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The dura mater, the mother membrane of the body according to the ancients, is a much neglected and most important organ, for organ it must be regarded in the human anatomy. To the average student and general practitioner the dura is but a tough inelastic, fibrous membrane of unusual thickness, which plays the part of a scaffolding and support for the brain.
A careful study of this part, however, shows that it is not only the superstructure upon and in which the brain is built, but that it is an internal periosteum to the skull‐a complex channel for the great venous currents through which course, not only the venous blood from the brain, but much from outside the skull,‐likewise a soft, serous cover for the membranes of the convolutions and sheath for the cranial nerves. It has, furthermore, a small arterial supply, which is gathered from branches of both the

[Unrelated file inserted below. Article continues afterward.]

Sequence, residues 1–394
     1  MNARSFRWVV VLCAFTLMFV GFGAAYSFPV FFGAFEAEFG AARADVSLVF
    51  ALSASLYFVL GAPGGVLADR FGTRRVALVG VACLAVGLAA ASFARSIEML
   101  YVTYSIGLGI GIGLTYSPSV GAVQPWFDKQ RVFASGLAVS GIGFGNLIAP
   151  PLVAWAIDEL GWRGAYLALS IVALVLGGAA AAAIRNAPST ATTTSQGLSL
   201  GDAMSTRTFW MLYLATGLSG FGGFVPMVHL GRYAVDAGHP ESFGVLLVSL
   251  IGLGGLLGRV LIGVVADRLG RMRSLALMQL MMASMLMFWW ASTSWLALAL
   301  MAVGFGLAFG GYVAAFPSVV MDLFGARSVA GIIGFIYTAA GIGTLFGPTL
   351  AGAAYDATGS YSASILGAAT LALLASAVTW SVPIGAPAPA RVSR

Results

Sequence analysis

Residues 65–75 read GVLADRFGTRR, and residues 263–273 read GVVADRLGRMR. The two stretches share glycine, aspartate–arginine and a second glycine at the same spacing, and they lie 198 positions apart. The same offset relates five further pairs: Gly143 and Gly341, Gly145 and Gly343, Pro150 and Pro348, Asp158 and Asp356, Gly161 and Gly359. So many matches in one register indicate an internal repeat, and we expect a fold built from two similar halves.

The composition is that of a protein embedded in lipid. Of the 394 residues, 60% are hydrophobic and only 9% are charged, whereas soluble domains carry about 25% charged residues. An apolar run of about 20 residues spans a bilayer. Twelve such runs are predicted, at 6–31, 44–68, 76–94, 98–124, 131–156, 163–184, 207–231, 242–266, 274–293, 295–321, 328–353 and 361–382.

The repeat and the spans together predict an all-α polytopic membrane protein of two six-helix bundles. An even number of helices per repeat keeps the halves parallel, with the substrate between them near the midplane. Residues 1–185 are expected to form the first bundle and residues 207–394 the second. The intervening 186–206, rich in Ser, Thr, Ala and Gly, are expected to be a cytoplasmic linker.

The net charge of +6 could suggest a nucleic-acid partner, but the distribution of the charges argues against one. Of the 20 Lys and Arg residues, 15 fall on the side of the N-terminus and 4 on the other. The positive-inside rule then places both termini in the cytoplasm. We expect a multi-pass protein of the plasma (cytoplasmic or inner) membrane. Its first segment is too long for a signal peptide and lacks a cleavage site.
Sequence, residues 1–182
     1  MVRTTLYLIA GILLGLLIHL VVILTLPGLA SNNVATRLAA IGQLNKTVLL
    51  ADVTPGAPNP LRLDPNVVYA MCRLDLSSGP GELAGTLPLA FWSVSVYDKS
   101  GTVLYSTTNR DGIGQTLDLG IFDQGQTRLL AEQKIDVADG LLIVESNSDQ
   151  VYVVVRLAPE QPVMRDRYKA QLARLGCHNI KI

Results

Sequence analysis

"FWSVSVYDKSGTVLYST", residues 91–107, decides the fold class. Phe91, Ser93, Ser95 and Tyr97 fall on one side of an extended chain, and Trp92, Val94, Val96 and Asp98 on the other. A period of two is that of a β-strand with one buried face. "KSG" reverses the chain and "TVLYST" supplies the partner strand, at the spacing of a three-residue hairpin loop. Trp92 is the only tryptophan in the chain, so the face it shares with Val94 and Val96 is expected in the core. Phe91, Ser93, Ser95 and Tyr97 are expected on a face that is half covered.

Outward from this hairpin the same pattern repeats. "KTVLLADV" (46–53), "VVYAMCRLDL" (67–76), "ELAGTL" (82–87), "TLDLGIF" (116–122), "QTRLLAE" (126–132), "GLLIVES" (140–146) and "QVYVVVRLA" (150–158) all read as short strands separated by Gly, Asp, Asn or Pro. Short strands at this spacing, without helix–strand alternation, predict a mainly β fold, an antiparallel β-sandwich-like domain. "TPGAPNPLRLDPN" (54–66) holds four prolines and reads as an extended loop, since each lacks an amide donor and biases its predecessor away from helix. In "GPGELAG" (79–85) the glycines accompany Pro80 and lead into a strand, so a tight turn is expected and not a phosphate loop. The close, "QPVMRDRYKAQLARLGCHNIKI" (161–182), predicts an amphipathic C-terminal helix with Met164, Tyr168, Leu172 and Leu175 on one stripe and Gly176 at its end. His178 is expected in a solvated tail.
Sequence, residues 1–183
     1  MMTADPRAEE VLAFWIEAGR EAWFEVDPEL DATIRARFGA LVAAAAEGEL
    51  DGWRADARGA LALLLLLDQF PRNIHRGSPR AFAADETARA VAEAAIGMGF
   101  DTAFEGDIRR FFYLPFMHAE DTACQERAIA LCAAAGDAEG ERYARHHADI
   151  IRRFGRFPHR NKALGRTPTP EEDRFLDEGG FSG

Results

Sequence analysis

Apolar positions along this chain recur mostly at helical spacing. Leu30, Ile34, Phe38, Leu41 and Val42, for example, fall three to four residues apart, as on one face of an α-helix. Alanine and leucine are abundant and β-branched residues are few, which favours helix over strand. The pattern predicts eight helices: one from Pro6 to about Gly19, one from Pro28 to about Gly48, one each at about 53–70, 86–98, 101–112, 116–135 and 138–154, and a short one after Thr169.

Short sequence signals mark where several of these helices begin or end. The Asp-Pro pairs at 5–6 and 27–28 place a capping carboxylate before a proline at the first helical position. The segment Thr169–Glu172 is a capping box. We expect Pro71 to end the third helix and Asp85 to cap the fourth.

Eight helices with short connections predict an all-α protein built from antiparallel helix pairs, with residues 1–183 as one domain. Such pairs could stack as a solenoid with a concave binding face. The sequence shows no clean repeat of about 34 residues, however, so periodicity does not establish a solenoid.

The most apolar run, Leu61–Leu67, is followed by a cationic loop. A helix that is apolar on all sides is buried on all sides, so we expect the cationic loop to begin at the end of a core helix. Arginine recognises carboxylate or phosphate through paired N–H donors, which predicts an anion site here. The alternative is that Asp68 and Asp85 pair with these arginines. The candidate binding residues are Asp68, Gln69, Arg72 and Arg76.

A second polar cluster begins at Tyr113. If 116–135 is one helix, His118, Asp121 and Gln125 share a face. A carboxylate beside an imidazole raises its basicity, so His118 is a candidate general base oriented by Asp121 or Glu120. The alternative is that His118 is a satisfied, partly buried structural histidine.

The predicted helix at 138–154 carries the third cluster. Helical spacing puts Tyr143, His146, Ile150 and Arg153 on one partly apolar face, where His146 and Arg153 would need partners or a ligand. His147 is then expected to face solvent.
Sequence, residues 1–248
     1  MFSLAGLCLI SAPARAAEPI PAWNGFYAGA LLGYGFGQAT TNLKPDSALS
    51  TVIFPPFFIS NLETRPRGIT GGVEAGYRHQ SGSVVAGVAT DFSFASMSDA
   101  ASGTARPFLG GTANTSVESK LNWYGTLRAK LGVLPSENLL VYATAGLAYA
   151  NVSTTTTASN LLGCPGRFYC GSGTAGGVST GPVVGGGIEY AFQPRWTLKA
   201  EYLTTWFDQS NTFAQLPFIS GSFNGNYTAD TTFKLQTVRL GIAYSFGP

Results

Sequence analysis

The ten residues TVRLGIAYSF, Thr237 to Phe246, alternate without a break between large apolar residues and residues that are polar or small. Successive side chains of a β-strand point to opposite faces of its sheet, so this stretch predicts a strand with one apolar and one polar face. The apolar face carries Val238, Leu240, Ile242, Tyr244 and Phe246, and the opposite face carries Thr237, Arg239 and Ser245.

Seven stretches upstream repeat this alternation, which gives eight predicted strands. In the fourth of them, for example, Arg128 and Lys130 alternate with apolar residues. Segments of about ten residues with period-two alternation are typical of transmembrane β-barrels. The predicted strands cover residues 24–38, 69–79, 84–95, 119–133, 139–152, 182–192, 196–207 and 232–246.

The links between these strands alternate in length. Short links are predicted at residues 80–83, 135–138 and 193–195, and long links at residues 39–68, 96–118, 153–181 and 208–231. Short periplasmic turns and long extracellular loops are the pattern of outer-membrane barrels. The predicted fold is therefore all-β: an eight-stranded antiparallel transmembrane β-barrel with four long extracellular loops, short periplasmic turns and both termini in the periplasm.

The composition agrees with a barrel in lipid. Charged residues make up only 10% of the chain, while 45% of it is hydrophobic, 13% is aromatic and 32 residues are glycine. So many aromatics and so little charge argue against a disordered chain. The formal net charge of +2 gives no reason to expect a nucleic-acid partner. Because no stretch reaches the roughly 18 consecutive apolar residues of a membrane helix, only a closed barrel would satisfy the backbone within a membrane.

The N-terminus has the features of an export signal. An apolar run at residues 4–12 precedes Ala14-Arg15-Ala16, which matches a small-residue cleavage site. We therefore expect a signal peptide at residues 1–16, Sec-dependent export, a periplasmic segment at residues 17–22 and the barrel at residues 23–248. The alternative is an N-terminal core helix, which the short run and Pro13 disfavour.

FLETCHER WB. THE INFLUENCE OF THE DURA MATER IN CAUSING PAIN, REFLEX AND OTHER PHENOMENA, WHEN INJURED OR DISEASED.Read before the Section of Practice of Medicine, Materia Medica and Physiology, at the Thirty-Eighth Annual Meeting of the American Medical Association, June, 1887.. JAMA. 1887;IX(7):202–203. doi:10.1001/jama.1887.02400060010001c
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